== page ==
|Good ol' Webster. He has a definition for everything.|
If you aren't as rabid of a fisherman as I am, you may not be familiar with the term "LDR", but you have probably performed a few yourself at some point. "LDR" stands for Long Distance Release. I believe Webster defines it as "the heartbreaking moment when a fish becomes unattached from your fly at any distance from you that is greater than the length of your arm.". LDRs can happen with any size fish, but it's the LDRs that occur when you have a monster on that can become etched in your memory. I have the uncanny ability of remembering big fish that I LDR'd more than 15 years ago, but I am not sure what I had for breakfast yesterday...LDRs can stay with you for a long time.
Take, for instance, the day I spent on one of our local rivers about 16 years ago. It was May, and the Mother's Day Caddis hatch was going gangbusters. It was better than I had ever seen before, or since. I was stationed on the right side of the stream, towards the bottom of a rather long riffly pool, and there were fish chasing caddis flies all over the place. I don't know how many trout I caught in that one pool that day, but I do know that I landed a 17" brown that was quickly followed by a 19" brown, that was quickly followed by a 20" brown, all while standing in pretty much the same spot in the river. But what haunts me is the much larger fish I fought for several minutes that made a bee-line for the far bank, and then calmly glided back and forth in a 20 foot swath until my Elk Hair Caddis became disconnected with his giant maw. I about cried...
Oh, and then there was that time when I was out in the Black Hills, fishing a stretch of water that I assumed was too skinny for anything to live in. I was really just making my way up to check out the next pool, but I had my size 18 beadhead nymph in the water, and sure enough, a giant rainbow engulfed it, and went shooting across the river in a series of acrobatic flips that would make Mary Lou Retton blush. The entire fight lasted mush less time than it took you to read that last sentence, yet it is a scene I will probably never forget.
Speaking of the Black Hills, I was above one of the big reservoirs out there, fishing in a section of a creek that looked to be devoid of all life. When that is the case, I often find myself day dreaming about other places I should go, which is what I was doing when yet another big fish, this time I assume it was a brown, snarfed up my Copper John and headed for the North Dakota border. That fight lasted a smidge longer than the one with the rainbow, but still probably only six seconds or so. Six seconds that will haunt me forever...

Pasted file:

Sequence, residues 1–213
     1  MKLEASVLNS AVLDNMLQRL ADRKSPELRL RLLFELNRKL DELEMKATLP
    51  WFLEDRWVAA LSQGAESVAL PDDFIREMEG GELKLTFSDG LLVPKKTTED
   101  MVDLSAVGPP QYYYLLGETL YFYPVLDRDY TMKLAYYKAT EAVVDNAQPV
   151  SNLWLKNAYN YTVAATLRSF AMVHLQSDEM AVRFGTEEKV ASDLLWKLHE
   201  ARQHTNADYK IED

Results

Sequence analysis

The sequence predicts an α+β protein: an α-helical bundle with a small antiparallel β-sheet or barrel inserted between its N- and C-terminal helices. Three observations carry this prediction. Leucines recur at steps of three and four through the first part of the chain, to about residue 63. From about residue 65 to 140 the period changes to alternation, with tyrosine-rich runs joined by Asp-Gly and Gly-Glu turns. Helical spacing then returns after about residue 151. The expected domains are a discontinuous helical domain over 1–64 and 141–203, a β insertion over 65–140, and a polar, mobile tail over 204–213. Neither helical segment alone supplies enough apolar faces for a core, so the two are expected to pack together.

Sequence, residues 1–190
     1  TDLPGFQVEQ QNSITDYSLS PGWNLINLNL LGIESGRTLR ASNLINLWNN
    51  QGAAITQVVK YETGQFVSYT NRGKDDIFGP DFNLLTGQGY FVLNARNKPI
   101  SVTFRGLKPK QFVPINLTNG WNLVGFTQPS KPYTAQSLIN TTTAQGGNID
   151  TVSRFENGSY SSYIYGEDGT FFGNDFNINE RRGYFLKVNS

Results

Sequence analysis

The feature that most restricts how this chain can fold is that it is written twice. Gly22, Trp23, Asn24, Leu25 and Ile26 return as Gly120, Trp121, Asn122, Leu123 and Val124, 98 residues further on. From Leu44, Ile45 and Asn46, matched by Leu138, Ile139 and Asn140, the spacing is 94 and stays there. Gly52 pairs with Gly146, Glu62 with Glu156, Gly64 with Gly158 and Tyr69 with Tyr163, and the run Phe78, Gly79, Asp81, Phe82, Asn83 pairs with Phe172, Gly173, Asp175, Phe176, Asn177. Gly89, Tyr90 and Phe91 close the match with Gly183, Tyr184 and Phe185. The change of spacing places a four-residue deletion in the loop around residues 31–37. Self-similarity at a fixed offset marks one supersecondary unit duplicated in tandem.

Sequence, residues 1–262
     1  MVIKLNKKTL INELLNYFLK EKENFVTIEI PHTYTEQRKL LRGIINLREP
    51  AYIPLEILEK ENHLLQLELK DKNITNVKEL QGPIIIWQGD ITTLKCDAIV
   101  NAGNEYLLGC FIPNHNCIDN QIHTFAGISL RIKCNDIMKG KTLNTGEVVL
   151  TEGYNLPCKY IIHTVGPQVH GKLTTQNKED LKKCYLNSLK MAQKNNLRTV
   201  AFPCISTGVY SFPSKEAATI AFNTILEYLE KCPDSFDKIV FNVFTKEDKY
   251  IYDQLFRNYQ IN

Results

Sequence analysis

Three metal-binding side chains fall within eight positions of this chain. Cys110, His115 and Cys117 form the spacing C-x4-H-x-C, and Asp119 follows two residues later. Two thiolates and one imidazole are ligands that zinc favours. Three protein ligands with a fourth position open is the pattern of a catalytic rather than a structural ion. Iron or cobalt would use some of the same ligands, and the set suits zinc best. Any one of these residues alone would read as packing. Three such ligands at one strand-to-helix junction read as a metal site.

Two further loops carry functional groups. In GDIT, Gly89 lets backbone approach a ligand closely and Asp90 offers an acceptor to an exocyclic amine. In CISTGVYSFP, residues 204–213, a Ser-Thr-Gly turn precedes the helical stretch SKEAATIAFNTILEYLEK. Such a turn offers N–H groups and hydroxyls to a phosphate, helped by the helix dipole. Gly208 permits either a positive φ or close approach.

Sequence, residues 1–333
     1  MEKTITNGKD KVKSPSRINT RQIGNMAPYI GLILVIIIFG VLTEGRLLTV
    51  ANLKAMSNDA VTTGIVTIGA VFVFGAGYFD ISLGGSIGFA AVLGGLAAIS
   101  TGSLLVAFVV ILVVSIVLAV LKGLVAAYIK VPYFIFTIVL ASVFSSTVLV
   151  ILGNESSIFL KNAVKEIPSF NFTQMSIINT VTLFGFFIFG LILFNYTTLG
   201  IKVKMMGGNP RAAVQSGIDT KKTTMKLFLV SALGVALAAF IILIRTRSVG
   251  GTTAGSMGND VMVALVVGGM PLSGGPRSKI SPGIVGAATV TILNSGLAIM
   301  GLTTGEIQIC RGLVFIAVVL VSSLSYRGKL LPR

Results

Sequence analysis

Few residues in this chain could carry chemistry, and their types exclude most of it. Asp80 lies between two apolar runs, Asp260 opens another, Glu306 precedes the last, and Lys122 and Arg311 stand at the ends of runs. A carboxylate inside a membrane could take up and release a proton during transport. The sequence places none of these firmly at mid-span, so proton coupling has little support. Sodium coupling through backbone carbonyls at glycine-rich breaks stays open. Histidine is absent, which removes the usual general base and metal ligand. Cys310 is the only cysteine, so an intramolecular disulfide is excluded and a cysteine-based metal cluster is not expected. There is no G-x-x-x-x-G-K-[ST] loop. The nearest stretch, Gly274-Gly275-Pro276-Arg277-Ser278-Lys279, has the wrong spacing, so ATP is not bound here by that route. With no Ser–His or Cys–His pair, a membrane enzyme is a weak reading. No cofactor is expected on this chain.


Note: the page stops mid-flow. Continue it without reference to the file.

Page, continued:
|Me, a split second after performing a lovely LDR on a hawg...|
I've only been musky fishing once in my life. I went with my cousin, who is a bona fide trout bum, like me, so neither of us really knew what we were doing. After several hours of flailing away spread over two days, I not only wasn't concentrating on the fishing that I was doing, I didn't even remember exactly what state we were in. And then it happened: I lobbed my giant fly over towards the weeds for what seemed like the 4 millionth time, and sure enough, a musky came out of nowhere and exploded on it. The river went from calm and peaceful to a warzone at the drop of a hat, I did everything wrong, my heart felt like it might burst, and I never even felt the fish on my line. I guess technically that wasn't a real LDR, since I never had him hooked, but I remember it like it was.
A lot of fishermen probably hate performing LDRs, and I used to be like that. But now I try not to let them bother me so much. After all, my LDRs have given me all these fun, and at the same time unpleasant, memories, and really, that's what fishing is all about, any way, am I right? Besides, I perform way more LDRs than I catch big fish, so I better learn to make the best of it. If you ever want to see an LDR done the right way, just follow me for a an hour or so some day. I'm sure you will get your fill.